Using a glass to shape the filling
Portion the dough into 20 pieces, roll into a rectangle that is wider half an inch wider and 3 times longer than your semicircle sized nut crescents. Place the crescent on the lower third of the dough.
The size of dough compared to the filling.
Lift the top over the crescent and press the dough around the filling. Press an edge around the filling.
Fold over and press. 
Cut the excess dough off using a knife or like me an antique ravioli cutter. (It is the favorite thing passed to me by someone I love.) Be sure to seal the nut mixture in the dough, it will bubble out while baking if not. You'll use the scrap dough for the remaining 16 cookies. Be gentle with the scraps so you'll have tender cookies.

Trim excess dough. 
Set on a parchment lined cookie sheet and let sit an hour. Preheat the oven 350 degrees. Score the cookies with fork or some other pokey tool in a decorative manner just before putting them in the oven.

Bake 15-18 minutes until just golden on the bottom and the dough looks dry.

Remove to a cooling rack. Toss in powdered sugar when cool enough to handle.

These are indeed a fussy cookie. Sometimes you want something fussy, right?

Will you make something you've never seen in real life? How do you explore recipes?
Super Nutty Biscotti

Three Nut Biscotti

With it turning to spring (finally) I'm gearing up to clean up the kitchen. I realized I have bit of left over ingredients from my winter baking. There's no way I'd throw away a half cup of hazelnuts so the question was what to do?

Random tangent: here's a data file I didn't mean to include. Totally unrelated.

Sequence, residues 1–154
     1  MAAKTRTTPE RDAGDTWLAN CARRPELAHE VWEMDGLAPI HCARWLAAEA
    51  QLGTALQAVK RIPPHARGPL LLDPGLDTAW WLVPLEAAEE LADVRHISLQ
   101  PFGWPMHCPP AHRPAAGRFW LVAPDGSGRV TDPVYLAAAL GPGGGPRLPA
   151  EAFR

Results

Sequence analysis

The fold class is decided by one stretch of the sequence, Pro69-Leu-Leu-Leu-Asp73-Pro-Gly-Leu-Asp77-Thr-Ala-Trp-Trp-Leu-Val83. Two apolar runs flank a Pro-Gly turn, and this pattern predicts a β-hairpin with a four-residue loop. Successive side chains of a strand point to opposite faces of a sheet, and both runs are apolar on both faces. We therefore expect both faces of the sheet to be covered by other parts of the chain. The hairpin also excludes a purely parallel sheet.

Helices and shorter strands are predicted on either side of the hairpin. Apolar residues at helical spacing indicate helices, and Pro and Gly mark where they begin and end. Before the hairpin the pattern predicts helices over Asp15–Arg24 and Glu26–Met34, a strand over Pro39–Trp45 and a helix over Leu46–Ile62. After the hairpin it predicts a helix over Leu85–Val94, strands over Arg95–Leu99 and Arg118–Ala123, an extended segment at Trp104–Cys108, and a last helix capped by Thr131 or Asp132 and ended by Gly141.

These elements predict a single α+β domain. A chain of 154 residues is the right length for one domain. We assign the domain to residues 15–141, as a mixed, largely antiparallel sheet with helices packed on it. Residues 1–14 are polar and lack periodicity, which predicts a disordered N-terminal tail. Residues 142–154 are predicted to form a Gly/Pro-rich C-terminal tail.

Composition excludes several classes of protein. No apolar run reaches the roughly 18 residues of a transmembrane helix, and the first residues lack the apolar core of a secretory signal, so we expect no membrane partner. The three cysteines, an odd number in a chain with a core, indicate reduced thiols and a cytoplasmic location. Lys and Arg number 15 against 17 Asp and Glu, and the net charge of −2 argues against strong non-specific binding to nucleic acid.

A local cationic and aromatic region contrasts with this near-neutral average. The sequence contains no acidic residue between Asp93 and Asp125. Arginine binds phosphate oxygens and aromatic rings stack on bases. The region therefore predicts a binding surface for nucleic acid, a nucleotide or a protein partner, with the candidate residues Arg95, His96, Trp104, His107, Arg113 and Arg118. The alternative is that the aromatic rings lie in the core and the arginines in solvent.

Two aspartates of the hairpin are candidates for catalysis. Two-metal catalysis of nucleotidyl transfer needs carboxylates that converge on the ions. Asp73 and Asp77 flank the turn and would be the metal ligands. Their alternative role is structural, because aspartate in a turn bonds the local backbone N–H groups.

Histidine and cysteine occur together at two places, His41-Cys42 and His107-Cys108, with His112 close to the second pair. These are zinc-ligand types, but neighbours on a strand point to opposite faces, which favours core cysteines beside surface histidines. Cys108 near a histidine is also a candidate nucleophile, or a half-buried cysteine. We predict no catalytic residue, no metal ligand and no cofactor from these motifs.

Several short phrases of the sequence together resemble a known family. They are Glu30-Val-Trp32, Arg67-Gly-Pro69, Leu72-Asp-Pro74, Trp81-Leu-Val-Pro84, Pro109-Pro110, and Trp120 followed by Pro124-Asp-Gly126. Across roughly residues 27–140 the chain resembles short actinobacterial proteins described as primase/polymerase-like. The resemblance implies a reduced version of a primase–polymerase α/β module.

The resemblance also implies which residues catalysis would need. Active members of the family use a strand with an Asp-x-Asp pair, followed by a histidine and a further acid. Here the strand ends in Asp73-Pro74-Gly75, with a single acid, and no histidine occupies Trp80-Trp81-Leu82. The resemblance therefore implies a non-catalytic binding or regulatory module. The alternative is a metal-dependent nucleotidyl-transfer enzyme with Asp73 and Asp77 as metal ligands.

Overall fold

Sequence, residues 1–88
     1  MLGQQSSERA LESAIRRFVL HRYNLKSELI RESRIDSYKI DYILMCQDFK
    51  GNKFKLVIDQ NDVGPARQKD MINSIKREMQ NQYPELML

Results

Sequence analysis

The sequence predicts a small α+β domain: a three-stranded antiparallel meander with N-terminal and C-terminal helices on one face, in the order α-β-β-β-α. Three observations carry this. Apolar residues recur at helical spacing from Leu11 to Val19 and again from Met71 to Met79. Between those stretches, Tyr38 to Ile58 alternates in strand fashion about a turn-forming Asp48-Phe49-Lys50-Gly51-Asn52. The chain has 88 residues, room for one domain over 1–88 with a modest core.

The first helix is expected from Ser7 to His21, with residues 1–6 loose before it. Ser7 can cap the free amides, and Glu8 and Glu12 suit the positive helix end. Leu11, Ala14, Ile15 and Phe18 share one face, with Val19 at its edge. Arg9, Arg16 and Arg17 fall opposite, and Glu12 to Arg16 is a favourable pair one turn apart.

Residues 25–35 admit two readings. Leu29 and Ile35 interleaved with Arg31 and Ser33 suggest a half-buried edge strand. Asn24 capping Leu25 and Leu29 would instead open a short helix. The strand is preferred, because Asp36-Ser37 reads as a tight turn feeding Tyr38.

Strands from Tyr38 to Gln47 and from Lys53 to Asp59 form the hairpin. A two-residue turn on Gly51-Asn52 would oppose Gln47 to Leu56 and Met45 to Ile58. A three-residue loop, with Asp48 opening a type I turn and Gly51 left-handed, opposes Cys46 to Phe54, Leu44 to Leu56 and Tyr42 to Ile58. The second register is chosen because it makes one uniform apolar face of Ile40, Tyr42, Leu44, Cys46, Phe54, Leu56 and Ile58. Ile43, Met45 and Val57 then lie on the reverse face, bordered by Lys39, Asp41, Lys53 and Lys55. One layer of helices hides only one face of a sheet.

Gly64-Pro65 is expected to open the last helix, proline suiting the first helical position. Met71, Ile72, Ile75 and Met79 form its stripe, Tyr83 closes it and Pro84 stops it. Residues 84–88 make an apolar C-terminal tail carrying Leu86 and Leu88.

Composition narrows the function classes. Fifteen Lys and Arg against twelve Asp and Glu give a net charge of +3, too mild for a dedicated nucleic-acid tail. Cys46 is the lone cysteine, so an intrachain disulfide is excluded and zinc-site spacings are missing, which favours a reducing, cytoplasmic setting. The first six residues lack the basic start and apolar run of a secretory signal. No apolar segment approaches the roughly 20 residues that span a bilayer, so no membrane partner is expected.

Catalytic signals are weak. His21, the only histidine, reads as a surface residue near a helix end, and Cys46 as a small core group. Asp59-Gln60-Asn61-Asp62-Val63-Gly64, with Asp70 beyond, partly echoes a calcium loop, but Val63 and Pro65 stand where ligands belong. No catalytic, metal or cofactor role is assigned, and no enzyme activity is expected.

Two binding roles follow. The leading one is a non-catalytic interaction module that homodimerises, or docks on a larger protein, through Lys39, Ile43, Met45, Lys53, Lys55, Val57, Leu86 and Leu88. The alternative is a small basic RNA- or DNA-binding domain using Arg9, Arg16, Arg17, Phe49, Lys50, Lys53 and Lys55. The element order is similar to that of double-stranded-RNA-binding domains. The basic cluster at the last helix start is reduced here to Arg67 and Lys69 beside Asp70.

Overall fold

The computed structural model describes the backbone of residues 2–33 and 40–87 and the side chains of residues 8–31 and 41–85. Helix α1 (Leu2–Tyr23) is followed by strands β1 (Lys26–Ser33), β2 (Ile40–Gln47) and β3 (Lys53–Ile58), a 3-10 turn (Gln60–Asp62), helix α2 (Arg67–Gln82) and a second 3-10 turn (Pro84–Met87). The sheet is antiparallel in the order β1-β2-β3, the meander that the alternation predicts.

Make a nut filled cookie! I had pecans and almonds tucked away in the freezer too. What would be nicer? Also, it's taken until March to recover from all the holiday and competition recipe making. I have enjoyed reading books and watching TV instead of baking though.

Lastly, I have a folder filled with hand written recipes that I want to put into this blog for my own reference and your potential enjoyment.

This biscotti recipe is an updated recipe that was given to me by an Italian grandmother. Filomena isn't my grandmother but she and I had great affection for each other. I met her when she was close to 70. I never caught her with out her hair curled and her nails polished a pearlescent cream. She always looked like a million bucks and invariably had a kind word for me.

The original recipe calls for 6 egg yolks and 1 egg and turbinado sugar. The sugar is not an update, and measured in pounds! Filomena wasn't kidding around! 

Basic Biscotti
Makes about 30 large biscotti

1/2 pound butter
1 pound turbinado sugar
3 whole eggs
2 egg yolks, reserve the white
1 1/2 pounds flour
1 1/2 teaspoons baking powder
1/2 teaspoon salt
1 teaspoon vanilla
1 teaspoon other oil

turbinado sugar for sprinkling on top

For variation add up to a total of 3 cups of nuts, chips, and or dried fruit.

Preheat oven 350 degrees.

In a stand mixer cream butter and sugar. Add eggs and yolks, one at a time. When creamed add flour, baking powder, salt, and flavoring. Mix well. Add additions. The pictured biscotti has 1 cup blanched almonds, 1 cup pecans and 1/2 cup hazelnuts plus 1 teaspoon almond oil.
Just before going into the oven, glaze with egg white and topped with sugar.

Divide the dough in half. Shape into a two loaves. Brush with egg white and sprinkle with sugar. Bake 30 minutes or until baked well enough that the center springs back when pressed. When cool enough to handle cut diagonally into 1 inch wide pieces. Place on a cookie sheet and bake again for 15 minutes, turning them over half way through. Or bake a little longer if you like them extra toasty.

You can temper chocolate and dip an end or the bottom of the cookie in chocolate for a fancier presentation.

Share with friends, take pictures of them holding a bag of cookies, and enjoy with espresso or cold milk.
Cookies and colleagues are a wonderful combination. 
Do you have a favorite handed down recipe? Or a favorite cookie recipe.